Wednesday, 6 March 2013

Writer - Sue Anderson

I'd like to welcome you to my interview with writer, Sue Anderson.  Enjoy.

Sue Anderson

Hello Sue, can you please introduce yourself?
I'm Sue Anderson and I'm based in Monmouth                                                                                                        
How long have you been writing?
About twenty years.
What first got you interested in writing?
Always wanted to write, but never got down to it seriously until we moved to Monmouth.
Do you attend a writing group?
Monmouth Writers.
Why do you attend a writing group?
It’s enjoyable, gives me the stimulus to write, and some feedback on my work.

What is the most valuable thing you have taken away from your writing group?
Friendship and support.
What genre(s) do you write?  What drew you to this/these genre(s)?
Speculative fiction, often for young people.   I’ve always enjoyed reading fantasy and science fiction. I worked with young people for many years and love reading children’s books.
Are there any genres that you don’t enjoy writing?  Why?
Not good at crime writing or thrillers. Tight plots are difficult for me.
What types of things do you write?
Short stories and poetry.  I’ve also written several novels.
Have you ever had anything published? 
I have had quite a few short stories and poems published, mostly in competition anthologies.
Have you sent your writing to agents/publishers?  Have you received any rejections?
Yes, many times. Lots of rejections, some acceptances.
Would you consider self-publishing/e-publishing?  
Definitely, in both media.  I’ve had a short anthology printed locally and I’m currently preparing a book for Kindle publishing.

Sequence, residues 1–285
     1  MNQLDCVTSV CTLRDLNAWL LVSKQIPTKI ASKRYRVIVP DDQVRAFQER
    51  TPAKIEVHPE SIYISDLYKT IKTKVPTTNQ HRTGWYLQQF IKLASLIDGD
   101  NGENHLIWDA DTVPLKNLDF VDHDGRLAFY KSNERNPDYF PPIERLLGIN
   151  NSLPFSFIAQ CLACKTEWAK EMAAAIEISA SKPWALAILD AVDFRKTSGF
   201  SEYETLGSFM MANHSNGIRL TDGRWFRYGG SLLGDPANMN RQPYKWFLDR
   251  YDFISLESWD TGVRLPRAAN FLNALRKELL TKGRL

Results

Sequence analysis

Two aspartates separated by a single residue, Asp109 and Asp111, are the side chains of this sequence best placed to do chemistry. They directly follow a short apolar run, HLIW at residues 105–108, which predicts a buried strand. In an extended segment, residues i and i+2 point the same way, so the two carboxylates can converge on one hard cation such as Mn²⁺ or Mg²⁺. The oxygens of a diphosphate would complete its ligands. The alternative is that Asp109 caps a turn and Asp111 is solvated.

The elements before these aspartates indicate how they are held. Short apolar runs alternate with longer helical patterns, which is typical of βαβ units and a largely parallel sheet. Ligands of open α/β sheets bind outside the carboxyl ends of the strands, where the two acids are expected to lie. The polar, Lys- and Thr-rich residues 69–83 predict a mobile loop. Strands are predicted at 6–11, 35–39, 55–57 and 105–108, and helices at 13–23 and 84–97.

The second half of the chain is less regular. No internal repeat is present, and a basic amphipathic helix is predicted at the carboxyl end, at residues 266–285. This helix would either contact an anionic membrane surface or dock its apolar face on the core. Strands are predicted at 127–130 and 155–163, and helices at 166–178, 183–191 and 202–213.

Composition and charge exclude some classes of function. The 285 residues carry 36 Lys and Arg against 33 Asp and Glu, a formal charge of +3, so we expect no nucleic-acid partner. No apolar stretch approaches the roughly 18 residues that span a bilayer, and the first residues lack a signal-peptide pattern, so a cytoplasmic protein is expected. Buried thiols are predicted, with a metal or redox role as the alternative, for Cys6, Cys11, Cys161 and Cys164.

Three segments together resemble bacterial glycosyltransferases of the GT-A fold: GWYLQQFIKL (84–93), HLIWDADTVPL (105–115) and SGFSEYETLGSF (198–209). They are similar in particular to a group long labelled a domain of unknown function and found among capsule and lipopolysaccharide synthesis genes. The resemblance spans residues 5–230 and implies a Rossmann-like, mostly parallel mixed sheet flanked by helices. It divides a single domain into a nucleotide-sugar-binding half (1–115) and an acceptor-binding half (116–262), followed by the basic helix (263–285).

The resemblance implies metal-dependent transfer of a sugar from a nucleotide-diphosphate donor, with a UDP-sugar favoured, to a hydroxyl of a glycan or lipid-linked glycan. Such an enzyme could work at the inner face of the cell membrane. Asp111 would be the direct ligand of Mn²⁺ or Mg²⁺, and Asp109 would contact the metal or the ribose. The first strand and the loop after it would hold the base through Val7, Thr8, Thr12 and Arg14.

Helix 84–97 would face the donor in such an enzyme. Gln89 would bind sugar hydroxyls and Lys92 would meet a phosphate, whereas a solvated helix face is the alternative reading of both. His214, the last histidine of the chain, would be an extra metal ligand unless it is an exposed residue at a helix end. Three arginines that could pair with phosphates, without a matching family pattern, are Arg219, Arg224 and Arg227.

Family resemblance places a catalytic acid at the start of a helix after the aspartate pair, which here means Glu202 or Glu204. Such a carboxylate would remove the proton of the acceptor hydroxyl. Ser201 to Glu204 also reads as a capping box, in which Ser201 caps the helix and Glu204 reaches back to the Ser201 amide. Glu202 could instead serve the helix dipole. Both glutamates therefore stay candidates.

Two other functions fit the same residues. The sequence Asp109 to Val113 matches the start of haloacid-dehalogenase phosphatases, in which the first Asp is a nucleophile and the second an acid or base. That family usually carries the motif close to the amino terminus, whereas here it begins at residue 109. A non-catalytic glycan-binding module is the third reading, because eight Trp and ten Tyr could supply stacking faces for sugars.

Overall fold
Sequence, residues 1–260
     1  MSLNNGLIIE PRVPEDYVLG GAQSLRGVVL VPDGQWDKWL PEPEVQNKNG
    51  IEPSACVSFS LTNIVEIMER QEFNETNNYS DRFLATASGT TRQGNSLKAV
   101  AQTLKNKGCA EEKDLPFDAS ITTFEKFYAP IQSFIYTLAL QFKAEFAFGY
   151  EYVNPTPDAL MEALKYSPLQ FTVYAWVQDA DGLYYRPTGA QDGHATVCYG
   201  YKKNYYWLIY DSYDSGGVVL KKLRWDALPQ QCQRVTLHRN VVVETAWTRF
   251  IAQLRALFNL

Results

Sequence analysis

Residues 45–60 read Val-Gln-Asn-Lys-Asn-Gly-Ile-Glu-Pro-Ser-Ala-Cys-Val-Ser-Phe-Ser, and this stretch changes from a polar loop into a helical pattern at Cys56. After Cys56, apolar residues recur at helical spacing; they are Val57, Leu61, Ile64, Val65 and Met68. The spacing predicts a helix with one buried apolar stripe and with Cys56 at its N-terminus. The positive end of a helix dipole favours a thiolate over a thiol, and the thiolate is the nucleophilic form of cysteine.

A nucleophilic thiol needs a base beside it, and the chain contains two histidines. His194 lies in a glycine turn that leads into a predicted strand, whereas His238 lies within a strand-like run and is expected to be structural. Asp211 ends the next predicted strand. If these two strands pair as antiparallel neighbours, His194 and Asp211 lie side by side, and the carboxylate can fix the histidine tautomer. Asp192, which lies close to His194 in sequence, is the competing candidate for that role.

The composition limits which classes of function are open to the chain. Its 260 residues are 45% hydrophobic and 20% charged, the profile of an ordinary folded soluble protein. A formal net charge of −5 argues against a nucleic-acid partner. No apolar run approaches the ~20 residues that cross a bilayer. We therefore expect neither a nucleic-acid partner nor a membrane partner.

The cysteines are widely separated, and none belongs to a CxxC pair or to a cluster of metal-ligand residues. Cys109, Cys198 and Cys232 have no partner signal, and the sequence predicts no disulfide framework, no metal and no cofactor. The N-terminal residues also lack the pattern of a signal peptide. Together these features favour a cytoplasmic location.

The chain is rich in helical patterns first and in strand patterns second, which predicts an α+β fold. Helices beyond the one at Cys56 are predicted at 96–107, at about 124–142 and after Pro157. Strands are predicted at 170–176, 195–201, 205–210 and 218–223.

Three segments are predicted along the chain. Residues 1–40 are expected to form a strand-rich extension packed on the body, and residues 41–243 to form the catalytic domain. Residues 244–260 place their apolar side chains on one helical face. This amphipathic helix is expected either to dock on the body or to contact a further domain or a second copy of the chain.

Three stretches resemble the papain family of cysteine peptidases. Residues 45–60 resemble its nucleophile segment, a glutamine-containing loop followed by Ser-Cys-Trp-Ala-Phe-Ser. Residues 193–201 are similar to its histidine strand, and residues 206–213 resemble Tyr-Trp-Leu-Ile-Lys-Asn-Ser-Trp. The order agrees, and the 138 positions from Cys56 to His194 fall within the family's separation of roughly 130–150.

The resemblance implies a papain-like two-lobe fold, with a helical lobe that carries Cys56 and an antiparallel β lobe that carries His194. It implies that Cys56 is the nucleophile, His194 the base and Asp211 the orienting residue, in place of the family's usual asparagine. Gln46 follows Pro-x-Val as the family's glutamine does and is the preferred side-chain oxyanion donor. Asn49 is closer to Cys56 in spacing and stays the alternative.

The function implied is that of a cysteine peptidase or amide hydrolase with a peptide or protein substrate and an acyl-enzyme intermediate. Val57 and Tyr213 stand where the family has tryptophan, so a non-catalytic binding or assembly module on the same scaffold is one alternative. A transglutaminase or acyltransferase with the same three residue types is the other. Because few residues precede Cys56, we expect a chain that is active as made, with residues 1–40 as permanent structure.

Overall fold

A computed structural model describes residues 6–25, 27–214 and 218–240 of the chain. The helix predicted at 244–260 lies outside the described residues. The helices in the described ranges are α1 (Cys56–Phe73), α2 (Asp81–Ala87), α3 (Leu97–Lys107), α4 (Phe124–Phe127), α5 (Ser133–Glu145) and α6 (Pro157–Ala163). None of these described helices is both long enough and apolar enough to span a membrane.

Do you have a writing routine?
I try to write every day, but fail dismally. My most creative time is whenever I have some peace and quiet.

Do you start out with a complete idea for your stories, or do you just start writing and hope for the best?
Very often it’s just a vague idea or a first paragraph. The story tends to tell me, rather than the other way round.
Do you have an editing process? 
I always re-read my work, usually after I’ve finished writing, and then again after a break. I often read it aloud, to get a better feel for it. I do get feedback from fellow writers, but also send things to editors as competition entries or submissions, hoping if not for success, at least some helpful comments.

Who/what influences your writing?  Where do you get your inspiration from?
Other people’s writing. The world around me. Memories.  Anything really.
How do you come up with your characters’ names and personalities?
Don’t really know. They develop as I write.

What is the best piece of writing advice you’ve ever been given?
Never give up.
What advice could you give to a new writer?
Read a lot. Write as much as possible. Try to develop a clear view of your own work and don’t be afraid to make changes.

How important is it for you to share your writing?
I started out by writing for myself, but then I found it seemed pointless unless somebody was reading it.

Have you ever attended an open mic night for spoken word performers?
Quite a few times. Monmouth writers do them occasionally and I’m in a poetry cooperative that organises them.